The psychology of an online shopper: Why merchants must prioritise security to instil customer trust

Ronnie D’Arienzo

Chief Revenue Officer at PPRO

Views 165

The psychology of an online shopper: Why merchants must prioritise security to instil customer trust

13.03.2019 09:30 am

There is an undeniable convenience that comes with shopping online - a few clicks of a button and a parcel arrives at your doorstep the next day. The ability to be able to shop 24/7 saves customer’s time and money, which online merchants can capitalise on and encourage spending by sending discounts direct to customers. However, while shopping online is arguably easier for consumers rather than facing busy in-store queues, fears over the safety of purchasing goods online continue to rise.  

Research by the Centre for International Governance Innovation (CIGI) revealed that 52% of online shoppers are concerned about their online privacy and 81% say cybercriminals are the primary source of this concern [1]. As a result, consumers are becoming more security conscious when it comes to shopping online, meaning online retailers cannot afford to rest on their laurels and ignore consumer demand for enhanced safety. However, merchants are faced with the challenge of responding to customer demand and maintaining a security safe environment, while fighting to attract loyal customers and keep up with the competition.

The reality is customers believe that they should be able to buy what they want, when they want and how they want. In-fact, PPRO research has revealed that 90% of UK consumers admit that they expect several payment method options. 67% of UK customers have also admitted that they have abandoned an online shopping basket simply because they didn’t trust the payment method on offer. Merchants want and need to attract new customers, so they must make it easy for consumers to buy their goods online, by offering the right payment mix and minimising the risk factor to ensure consumer trust.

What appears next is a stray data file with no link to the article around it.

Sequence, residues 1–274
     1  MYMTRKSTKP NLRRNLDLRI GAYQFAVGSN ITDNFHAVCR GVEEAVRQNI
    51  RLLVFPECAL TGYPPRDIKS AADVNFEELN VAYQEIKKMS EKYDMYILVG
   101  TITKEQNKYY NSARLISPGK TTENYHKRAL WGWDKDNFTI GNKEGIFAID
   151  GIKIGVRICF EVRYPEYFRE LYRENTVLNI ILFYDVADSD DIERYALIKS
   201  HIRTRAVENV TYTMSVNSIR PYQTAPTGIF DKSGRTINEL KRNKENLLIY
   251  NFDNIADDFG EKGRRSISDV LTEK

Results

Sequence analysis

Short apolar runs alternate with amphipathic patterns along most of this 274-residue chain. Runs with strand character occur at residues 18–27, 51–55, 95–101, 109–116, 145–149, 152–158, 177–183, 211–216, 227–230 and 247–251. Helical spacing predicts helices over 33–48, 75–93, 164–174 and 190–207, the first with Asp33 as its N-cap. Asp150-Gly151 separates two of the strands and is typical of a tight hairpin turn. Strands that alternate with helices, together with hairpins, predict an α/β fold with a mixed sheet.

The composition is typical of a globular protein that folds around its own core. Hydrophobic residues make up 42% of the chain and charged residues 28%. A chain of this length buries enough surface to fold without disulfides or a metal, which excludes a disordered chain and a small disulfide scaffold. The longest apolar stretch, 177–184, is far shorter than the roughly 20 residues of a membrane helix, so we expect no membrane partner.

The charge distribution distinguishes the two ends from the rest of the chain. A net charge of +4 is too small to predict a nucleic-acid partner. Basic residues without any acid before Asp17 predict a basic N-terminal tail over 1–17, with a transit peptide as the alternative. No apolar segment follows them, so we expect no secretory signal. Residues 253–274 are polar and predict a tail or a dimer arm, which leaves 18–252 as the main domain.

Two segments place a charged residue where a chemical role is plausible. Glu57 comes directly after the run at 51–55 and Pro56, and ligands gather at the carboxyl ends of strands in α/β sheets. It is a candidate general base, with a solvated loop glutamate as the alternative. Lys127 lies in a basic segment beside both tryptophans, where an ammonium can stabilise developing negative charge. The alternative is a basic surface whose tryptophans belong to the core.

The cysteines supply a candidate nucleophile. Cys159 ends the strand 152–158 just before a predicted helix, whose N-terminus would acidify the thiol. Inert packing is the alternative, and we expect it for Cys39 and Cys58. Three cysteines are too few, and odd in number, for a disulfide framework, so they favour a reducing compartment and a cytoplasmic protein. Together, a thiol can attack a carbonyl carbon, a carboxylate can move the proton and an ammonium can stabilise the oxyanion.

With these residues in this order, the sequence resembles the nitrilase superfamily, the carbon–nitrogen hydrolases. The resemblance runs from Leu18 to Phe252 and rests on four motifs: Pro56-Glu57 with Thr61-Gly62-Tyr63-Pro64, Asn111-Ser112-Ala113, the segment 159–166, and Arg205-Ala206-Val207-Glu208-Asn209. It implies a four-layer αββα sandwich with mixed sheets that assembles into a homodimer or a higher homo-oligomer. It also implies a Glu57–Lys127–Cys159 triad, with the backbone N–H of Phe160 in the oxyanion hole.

Essentially, customers only feel secure online when they recognise the payment methods that are on offer to them. If not, customers will abandon their shopping experience if they feel that the payment method, or indeed the payment process, is not secure. Online retailers are currently on a slippery slope to security and are struggling to find a balance between providing recognisable payment methods, a seamless shopping experience while adhering to the needs of their range of customers from around the world. 

With 39% of UK consumers shopping online on a weekly basis and a further 19% revealing that they shop online more than three times a week, it is essential that consumers feel secure when they do so, to encourage spending. Merchants must tread carefully when choosing which payment methods to offer to their customers, because if a customers’ confidence is lost, merchants will ultimately lose out to competitors.

In recognition of the threat merchants face when it comes to balancing security with usability and customer loyalty, the financial industry has begun to respond to consumer protection concerns within the EU payment landscape by introducing Secure Customer Authentication (SCA) legislation under the second Payment Service Directive (PSD2) on 14th September 2019.

The aim is to revolutionise the payments industry, from influencing the way we pay online, to the information we see when making that payment. To comply, qualifying transactions will need to be authenticated using two out of three forms of authentication in order to be approved. The factors include: something the consumer knows (PIN or Password), something the consumer has (device or credit card) and something the consumer is physically (biometric). 

Merchants aren’t directly responsible for meeting the SCA requirements, as the responsibility falls on acquirers and issuers in the European Economic Area (EEA), including all 28-member countries of the European Union (EU) plus Norway, Iceland and Liechtenstein. However, it is in merchants’ best interest to incorporate compliant methods into their payment offering, as failure to do so could see an impact to their authorisation rates on some transactions. Security and trust are two paramount factors and will be able to coexist with convenience. Payments should become as transparent as possible.

No matter which way you look at it, merchants are fundamentally struggling to get the balance right between customer experience and customer security. With commerce moving towards a customer centric model, preserving customer trust by providing a seamless checkout process with safe and secure payment methods becomes key and are the ways that business can increase customer loyalty without the fear of losing out to their competitors.

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